Landmark research by Nacht²⁰ measured skin friction for 6 hours after using moisturisers graded according to their perceived “greasiness”. The level of greasiness determined whether friction increased or decreased, as outlined in the graph below. Only the very greasy lubricants (petrolatum, heavy mineral oil and glycerin) reduced friction, and only for 60-90 minutes. Highley¹⁸ produced similar results with viscous lubricants and Sivamani et al⁶³ found similar trends for increased skin friction with water and slightly/moderately greasy moisturisers. It should also be noted that the probe that was moved over the skin was a flat non-porous surface. Comaish and Bottoms¹⁰ suggest a reduction in friction will be shorter-term when the skin is in contact with a fabric such as a sock. Perhaps this is why lubricants are applied very liberally.
Figure 36: Change in friction after application of different moisturising / lubricants to the skin – adapted from Nacht and Wolfram (Ref 20, 22)
The increase in friction found by these researchers is what Richie⁸⁸ eludes to when he states “Physicians, coaches and athletic trainers continue to advocate the use of petrolatum jelly and skin powders to prevent blisters while the scientific literature suggests these measures may actually increase the chance of blistering on the feet.” The potential limitations to the use of lubricants include:
- Initial lack of traction – Lubricating large areas of the feet, particularly the weightbearing sole of the foot may not be a good idea. In preventing blisters, it is not the aim to reduce friction indiscriminately. A targeted approach is the ideal approach so that traction and functional efficiency are maintained.
- Later friction increase – This won’t be a problem with short duration exercise but for longer duration efforts, you would need to reapply the lubricant to maintain any benefit. If not, not only has your blister protection gone, you’re actually at more risk of blistering.
- It weakens the skin – Lubricants have an occlusive effect that traps moisture within the skin. By reducing transepidermal moisture loss, skin hydration is excessive and prolonged. In other words, the skin becomes water-logged. And water-logged skin is weaker and less able to resist trauma.³³ It’s a bit like how your skin goes when you’re in the bath for too long.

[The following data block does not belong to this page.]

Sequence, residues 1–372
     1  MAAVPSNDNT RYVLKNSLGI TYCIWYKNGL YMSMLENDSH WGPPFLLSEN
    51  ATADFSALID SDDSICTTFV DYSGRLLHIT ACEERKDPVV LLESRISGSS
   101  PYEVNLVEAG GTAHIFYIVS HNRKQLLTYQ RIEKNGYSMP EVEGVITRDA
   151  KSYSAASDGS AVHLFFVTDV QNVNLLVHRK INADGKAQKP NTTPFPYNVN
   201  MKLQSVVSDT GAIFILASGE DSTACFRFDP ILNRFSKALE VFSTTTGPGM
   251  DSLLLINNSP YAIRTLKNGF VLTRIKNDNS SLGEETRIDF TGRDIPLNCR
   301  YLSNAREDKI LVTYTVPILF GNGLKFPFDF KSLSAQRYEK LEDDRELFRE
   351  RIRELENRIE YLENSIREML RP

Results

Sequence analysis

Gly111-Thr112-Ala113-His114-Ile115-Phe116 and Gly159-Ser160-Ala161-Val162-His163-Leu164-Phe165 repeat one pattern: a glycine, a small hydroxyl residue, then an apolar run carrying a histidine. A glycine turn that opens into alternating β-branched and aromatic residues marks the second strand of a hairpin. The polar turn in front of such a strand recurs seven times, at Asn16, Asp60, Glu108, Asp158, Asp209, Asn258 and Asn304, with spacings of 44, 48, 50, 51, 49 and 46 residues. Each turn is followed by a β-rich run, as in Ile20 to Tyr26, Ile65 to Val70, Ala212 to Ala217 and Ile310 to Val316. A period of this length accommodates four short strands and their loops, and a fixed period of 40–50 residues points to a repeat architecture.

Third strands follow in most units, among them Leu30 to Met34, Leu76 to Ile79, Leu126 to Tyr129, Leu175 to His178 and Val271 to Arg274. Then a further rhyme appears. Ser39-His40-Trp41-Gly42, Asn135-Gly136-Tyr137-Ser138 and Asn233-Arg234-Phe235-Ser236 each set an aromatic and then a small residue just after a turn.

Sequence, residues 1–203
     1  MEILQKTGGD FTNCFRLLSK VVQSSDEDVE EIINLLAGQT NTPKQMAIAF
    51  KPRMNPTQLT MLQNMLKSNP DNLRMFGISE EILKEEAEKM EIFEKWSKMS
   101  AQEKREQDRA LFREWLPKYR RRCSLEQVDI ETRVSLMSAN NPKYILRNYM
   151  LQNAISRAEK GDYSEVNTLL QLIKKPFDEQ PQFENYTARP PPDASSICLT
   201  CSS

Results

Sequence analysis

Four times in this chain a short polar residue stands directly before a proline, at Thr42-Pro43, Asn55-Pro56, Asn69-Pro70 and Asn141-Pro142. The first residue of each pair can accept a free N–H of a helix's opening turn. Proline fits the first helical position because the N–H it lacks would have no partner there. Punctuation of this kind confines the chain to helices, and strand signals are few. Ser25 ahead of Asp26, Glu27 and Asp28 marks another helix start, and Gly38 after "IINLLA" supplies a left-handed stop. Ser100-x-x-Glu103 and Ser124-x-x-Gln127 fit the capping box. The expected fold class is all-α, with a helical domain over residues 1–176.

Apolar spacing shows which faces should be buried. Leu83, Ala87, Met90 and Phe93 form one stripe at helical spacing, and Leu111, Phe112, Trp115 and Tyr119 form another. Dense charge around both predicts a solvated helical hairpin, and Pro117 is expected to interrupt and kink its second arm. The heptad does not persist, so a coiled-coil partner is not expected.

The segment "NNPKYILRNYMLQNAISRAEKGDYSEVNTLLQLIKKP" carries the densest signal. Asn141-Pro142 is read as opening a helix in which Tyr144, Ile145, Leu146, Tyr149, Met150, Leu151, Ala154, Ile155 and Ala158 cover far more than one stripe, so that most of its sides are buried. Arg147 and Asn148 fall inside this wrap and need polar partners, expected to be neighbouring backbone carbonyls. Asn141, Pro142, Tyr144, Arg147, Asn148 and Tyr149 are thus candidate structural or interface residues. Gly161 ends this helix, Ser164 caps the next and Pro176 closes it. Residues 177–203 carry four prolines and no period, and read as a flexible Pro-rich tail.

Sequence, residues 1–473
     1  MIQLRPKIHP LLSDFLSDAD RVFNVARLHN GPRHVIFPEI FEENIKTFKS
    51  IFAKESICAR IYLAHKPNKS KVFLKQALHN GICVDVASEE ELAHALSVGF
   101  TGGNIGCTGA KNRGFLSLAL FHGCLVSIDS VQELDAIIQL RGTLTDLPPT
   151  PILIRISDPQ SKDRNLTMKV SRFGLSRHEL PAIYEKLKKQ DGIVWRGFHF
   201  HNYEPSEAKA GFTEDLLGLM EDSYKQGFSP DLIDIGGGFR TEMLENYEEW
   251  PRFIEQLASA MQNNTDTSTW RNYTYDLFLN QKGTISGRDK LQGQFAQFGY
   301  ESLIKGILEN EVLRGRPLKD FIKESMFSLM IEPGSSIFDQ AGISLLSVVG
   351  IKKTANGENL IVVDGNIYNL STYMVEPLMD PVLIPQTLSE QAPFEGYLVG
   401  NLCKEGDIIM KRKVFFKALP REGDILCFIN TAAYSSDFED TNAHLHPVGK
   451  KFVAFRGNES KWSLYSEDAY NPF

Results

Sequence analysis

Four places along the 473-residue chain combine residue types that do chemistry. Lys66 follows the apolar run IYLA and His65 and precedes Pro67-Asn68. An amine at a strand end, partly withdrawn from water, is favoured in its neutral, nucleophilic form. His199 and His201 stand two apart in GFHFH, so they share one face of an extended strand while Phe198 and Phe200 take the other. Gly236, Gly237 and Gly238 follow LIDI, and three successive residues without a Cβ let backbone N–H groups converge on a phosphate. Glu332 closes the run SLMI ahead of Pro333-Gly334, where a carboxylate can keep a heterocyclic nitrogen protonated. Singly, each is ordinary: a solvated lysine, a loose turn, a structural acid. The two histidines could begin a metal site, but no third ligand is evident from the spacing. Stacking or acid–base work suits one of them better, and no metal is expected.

- Attracting grit & messy – The common lubricant Vaseline (petrolatum jelly) can be a poor choice, particularly on off-road surfaces as it has a tendency to attract grit. And its potential carcinogenic properties have attracted some attention recent times as it is a product of petroleum. Viscous lubricants like Vaseline are messy too.
- Lubricants affect friction at the skin-sock interface.
- Moisturisers and less greasy lubricants increase friction.
- Viscous lubricants initially reduce friction. As the lubricant absorbs and dissipates, friction increases.
Figure 26: Coefficient of friction data in dry and moist conditions – adapted from Payette (Ref 125)
- Cushioning materials reduce peak pressure by spreading load over a larger area.
- Cushioning materials can also absorb shear via their shear modulus.
- More cushioning is not always better as it can affect shoe fit and reduce functional efficiency.
Sports tape applied to blister susceptible areas is a common prevention strategy. Leukoplast, Fixomul, KinesioTex Tape and RockTape are popular choices and there are many others. And blister dressings like Compeed are also popular. These products are adhered to the skin.
By admission from athletes, sports medicine professionals and manufacturers themselves, taping provides protection from rubbing. Rubbing removes skin cells from the skin surface to progressively deeper and deeper layers causing abrasions. But this is not blister prevention – because you don’t need rubbing to cause blisters.¹² ⁴⁸ ⁷³ ⁹⁴ This describes abrasion prevention. So how does taping prevent blisters? Surprisingly, there is a lack of evidence.³⁷ ⁶⁰ ⁸⁸ And a proposed mechanism of action has not attracted significant discussion in the literature either (other than is stops rubbing – which misses the crux of blister causation). Actually, rubbing will cause some shear, but not as much as when there is no rubbing¹⁰ ²⁴ ⁹⁴ (Chapter 2 figure 6).